We also have a Pearson 30. The PO upgraded the winches to Harken #40's and put the original Lewmars up on the cabin top, for the halyards and the like. Our jib sheets run through the fairlead blocks, back through turning blocks at the back, then forward to the winches.

Jim
Thanks, Jim. Let's right it off to user error -- first off, I'm proabably guilty of taking too many wraps to start; and second, I haven't used the turning blocks for whatever reason other than my previous boat didn't have them and old habits die hard. I knew it had to do with the angle to (or from) the winch but focused on the angle from the fairlead to the winch -- ignoring what is obvious to some (duh) - the turning blocks.

Thanks.

s/v Grey Goose
1977 Pearson 30 #995
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post #7 of 11 Old 10-14-2007
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Here's a thought, since you got me interested..

If it only happens on port tack, could it be that you take an "extra" turn on the winch, because the sheet, which winds clockwise regardless of which tack, starts on the opposite side of the winch, depending on which tack you're trimming on. It would make a half-a-wrap difference, and you might be taking a half or even a whole extra wrap on the stbd winch. And more turns means more chance of an override?

So maybe that's it? A little like the "puzzler" on "Car Talk", if you listen to Tom and Ray on Saturday mornings.

No, wait, I thought about it more, that wouldn't make the difference, would it? Crud, thought I had it...


P.S. Your previous boat was a Typhoon? Wow, does that bring back some good New England memories. My dad had Typhoon #2, built by Naugus Fiberglass in Salem, Mass, before the design was bought out by Cape Dory. A solid Carl Alberg design and a sweet little boat. You've gone from good boat to good boat....

Last edited by nolatom; 10-15-2007 at 12:06 AM.
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post #8 of 11 Old 10-15-2007
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the line is coming into the winch to high, I bet you switching to the turning blocks will blow your mind.

A lot of people think the turning blocks are the spinnaker blocks, it's very common to see them not being used.


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Originally Posted by tenuki View Post
the line is coming into the winch to high, I bet you switching to the turning blocks will blow your mind.

A lot of people think the turning blocks are the spinnaker blocks, it's very common to see them not being used.
That's *exactly* what my thinking has been -- that they were spinnaker blocks. Ironically, I had thought about using them to solve the issue, but viewed it as a kludge/workaround that wouldn't address the real problem... Apparently it's me that's the problem. Live and learn, as they say.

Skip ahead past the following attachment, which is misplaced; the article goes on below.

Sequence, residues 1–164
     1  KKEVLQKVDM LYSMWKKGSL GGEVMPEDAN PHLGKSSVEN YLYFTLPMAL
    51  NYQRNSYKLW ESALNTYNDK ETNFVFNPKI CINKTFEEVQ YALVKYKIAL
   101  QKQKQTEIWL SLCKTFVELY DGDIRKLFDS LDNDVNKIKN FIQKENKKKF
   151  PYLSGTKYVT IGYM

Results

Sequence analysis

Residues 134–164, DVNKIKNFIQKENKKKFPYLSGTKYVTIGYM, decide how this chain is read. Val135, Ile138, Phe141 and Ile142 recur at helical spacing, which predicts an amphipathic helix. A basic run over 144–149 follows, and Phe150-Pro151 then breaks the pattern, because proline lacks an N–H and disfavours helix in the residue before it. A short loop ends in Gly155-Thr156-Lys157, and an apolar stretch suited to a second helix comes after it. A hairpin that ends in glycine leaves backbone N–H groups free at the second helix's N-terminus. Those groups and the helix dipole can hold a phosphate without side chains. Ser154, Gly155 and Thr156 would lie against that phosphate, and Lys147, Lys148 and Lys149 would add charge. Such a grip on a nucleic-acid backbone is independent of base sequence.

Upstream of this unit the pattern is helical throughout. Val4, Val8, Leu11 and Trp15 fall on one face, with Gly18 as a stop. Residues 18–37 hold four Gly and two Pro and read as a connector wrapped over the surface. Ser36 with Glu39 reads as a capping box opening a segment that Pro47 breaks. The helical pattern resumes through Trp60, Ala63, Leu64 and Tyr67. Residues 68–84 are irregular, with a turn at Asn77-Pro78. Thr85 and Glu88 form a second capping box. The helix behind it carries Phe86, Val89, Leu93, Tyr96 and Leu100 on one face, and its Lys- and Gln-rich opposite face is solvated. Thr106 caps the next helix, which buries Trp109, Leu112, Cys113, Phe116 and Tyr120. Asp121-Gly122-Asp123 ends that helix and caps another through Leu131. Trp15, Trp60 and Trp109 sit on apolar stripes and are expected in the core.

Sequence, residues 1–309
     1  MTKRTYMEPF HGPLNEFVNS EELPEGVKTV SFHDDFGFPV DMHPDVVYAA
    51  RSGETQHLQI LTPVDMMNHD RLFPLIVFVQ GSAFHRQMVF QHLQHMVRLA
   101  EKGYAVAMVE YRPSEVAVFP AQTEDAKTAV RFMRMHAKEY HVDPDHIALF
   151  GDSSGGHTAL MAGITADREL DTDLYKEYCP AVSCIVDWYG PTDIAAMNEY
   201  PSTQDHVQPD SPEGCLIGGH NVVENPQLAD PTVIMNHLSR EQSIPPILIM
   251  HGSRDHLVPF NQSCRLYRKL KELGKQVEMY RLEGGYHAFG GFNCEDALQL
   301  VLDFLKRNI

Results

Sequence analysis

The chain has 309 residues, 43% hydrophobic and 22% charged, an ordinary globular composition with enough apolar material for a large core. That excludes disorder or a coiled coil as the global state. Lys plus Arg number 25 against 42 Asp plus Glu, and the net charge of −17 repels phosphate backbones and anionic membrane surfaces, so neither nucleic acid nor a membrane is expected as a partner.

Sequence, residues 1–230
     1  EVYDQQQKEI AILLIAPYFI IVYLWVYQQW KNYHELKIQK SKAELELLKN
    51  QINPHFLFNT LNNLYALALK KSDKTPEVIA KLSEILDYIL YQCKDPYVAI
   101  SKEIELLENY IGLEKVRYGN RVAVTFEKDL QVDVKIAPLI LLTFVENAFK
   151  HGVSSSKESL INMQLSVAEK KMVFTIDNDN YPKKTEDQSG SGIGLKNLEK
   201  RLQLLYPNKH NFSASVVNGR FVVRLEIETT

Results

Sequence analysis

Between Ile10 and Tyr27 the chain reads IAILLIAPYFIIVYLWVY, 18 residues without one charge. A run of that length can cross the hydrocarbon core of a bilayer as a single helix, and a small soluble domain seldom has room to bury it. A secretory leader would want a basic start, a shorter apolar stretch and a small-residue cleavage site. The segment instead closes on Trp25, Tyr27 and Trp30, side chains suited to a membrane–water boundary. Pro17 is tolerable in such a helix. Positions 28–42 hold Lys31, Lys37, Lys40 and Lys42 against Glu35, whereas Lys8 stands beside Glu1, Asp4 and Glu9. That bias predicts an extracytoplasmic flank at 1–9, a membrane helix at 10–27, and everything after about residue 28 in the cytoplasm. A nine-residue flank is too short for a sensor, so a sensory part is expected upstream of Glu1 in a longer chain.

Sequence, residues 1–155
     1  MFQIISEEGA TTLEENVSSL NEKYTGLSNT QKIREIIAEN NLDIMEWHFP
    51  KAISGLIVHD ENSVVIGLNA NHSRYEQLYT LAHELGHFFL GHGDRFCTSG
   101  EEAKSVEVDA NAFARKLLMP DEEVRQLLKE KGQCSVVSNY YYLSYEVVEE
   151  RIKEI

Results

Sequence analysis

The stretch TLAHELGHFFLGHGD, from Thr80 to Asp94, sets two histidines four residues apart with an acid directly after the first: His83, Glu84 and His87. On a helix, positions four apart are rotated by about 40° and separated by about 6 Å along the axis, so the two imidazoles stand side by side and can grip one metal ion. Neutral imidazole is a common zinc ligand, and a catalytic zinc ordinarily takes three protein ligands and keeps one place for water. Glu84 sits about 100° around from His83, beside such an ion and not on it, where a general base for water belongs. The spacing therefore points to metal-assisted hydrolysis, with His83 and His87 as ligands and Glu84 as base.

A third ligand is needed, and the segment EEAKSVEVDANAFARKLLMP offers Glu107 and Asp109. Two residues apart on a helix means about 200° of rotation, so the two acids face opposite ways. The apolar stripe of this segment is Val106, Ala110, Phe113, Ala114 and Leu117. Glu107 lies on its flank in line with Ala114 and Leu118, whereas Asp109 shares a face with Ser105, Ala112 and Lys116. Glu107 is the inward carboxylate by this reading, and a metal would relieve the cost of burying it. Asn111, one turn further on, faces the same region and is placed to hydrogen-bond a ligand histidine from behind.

s/v Grey Goose
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Quote:
Originally Posted by nolatom View Post
Here's a thought, since you got me interested..

If it only happens on port tack, could it be that you take an "extra" turn on the winch, because the sheet, which winds clockwise regardless of which tack, starts on the opposite side of the winch, depending on which tack you're trimming on. It would make a half-a-wrap difference, and you might be taking a half or even a whole extra wrap on the stbd winch. And more turns means more chance of an override?

So maybe that's it? A little like the "puzzler" on "Car Talk", if you listen to Tom and Ray on Saturday mornings.

No, wait, I thought about it more, that wouldn't make the difference, would it? Crud, thought I had it...
Interesting theory, and I think you're onto something. I see (after making several bizarre-looking little sketches... Giu?) why you think it might not make a difference, but here's the kicker... even though you end up with the same # of wraps on the drum, the # of wraps present where the sheet is hauled in may vary depending on the angle (fore/aft) the crew is at relative to the winch. Depending on the angle, two full wraps could be 2x the diameter of the sheet or possible 3X. (or perhaps I've just had too much coffee...)


Quote:

P.S. Your previous boat was a Typhoon? Wow, does that bring back some good New England memories. My dad had Typhoon #2, built by Naugus Fiberglass in Salem, Mass, before the design was bought out by Cape Dory. A solid Carl Alberg design and a sweet little boat. You've gone from good boat to good boat....
Growing up, my family had a Typhoon built by Edey & Duff -- our first, ahem... big boat post the family Sunfish. Loads of good memories, including overnights with 4 (!!) people on board. That was 20-something years ago. Got away from sailing until this past year -- took my daughter to her sailing camp last summer (2006) and realized just how much I missed being on the water. Thus began the boat search. You probably know the rest of the story

s/v Grey Goose
1977 Pearson 30 #995
~~~~~~_/) ~~~~~~

Last edited by CLucas; 10-15-2007 at 10:28 AM.